The parting shot of Mel Brooks’ Blazing Saddles, a distant Cleavon Little and Gene Wilder being driven off into the sunset in a limousine, is at once a loving homage to the Western movie and gloriously daft undermining of all the cliché which supports that genre.
Seth MacFarlane’s A Million Ways to Die in the West attempts to do much of the same by combining the raucous, offensive spirit of that comedy with the odd man out sensibility of City Slickers. Its failure to do so doesn’t rank among humanities worst crimes, but may just come close to troubling the frontrunners on the list of most inane and pointless human endeavours.
Albert Stark (Seth MacFarlane) is a sheep farmer scratching out a living in the frontier town of Old Stump. He hates it. Hates his job, hates his town, hates the people and most of all hates the fact that The West is just a stupendously dangerous place to live. Pretty much the only thing keeping him from driving off in his own limo is his girlfriend, Louise (Amanda Seyfried), a dense, grinning, human clothes-horse with all the intrinsic magnetism of a parasol-wielding soft-boiled egg.
Thinking herself above the likes of him, she dumps him in favour of Foy, the town’s odious moustache salesman (Neil Patrick Harris) leaving Stark bereft of comfort out in his wild home. Any sensible individual would leave the two morons to each other’s company, but filmic tradition dictates that our ‘hero’ must attempt to look busy for two hours so, predictably, he tries to win her back.
Stark’s plan involves the newly-arrived Anna (Charlize Theron), hiding in the town whilst her criminal husband, Clinch (Liam Neeson) robs a nearby stagecoach. Basically, she spends her time teaching him how to act tough (in order to make him seem more manly) whilst repeatedly blathering on about what a bloody catch he is (in order to make his ex jealous).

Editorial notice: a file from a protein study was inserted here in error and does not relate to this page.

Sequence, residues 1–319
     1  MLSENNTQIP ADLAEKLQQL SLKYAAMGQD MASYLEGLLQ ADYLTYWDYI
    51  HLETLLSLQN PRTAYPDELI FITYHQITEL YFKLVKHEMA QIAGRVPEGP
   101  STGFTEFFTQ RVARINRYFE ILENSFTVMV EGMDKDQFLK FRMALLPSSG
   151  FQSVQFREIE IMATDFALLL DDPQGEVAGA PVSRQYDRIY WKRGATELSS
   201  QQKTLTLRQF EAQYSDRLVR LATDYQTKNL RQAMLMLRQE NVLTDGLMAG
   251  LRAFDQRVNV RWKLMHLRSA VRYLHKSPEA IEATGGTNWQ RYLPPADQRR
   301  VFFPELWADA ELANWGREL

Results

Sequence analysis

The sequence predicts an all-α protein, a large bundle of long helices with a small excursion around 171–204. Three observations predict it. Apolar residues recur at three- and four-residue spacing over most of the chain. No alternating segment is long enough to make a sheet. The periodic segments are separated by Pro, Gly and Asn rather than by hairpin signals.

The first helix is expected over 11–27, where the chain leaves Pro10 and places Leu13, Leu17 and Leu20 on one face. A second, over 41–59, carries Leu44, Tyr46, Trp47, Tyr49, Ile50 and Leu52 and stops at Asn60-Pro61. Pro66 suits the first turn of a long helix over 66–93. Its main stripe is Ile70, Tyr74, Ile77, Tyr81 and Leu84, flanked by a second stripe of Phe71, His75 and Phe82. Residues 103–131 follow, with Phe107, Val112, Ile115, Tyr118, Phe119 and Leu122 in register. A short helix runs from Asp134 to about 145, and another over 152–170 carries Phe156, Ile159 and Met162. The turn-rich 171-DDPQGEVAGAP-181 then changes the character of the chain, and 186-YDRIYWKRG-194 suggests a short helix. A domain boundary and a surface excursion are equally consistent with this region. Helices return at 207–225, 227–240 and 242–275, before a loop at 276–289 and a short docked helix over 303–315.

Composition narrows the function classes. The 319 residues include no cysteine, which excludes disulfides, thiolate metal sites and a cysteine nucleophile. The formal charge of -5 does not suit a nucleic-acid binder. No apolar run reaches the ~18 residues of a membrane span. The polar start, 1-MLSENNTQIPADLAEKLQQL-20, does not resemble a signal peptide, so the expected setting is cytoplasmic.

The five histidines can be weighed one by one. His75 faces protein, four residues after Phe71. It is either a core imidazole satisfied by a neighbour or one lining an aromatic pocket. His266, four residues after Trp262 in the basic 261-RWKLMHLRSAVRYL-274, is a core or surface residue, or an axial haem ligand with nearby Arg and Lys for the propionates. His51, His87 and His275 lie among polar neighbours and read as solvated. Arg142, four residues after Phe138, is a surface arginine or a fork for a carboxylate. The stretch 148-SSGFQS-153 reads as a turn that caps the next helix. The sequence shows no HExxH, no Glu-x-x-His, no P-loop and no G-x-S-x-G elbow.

MacFarlane’s comedy tactic is to run with a steady stream of anachronistic complaints about the state of living in nineteenth century western USA, which amount to little more than yelling ‘fuck me, this is all pretty silly’ whilst wearing a cowboy hat. Wolves suddenly eat people, cows suddenly trample other people, even more people get set on fire and shot and crushed, but funnily enough never bored to death.
That MacFarlane makes himself the film’s most loveable loser and the only sane man in the town ranks as some pretty conceited narcissism on his part. ‘You’re not good enough for him’ Amanda Seyfried, and by extension the entire audience, is told again and again; it makes you wonder if MacFarlane isn’t twisting the knife into some old flame of his own. All in all, it’s a fairly irksome piece of nerdy wish-fulfilment that meanders around for a couple of hours dabbling with drugs, devoutly religious hookers and a batch of cameos courtesy of MacFarlane’s celebrity mates.
Save yourself a wasted evening and re-watch Blazing Saddles, otherwise you’ll be risking your lives whilst Seth MacFarlane will be risking an almost certain Razzie nomination in any number of categories.
Universal Pictures UK
30th May 2014 (UK)
Seth MacFarlane, Charlize Theron, Liam Neeson, Neal Patrick Harris, Amanda Seyfried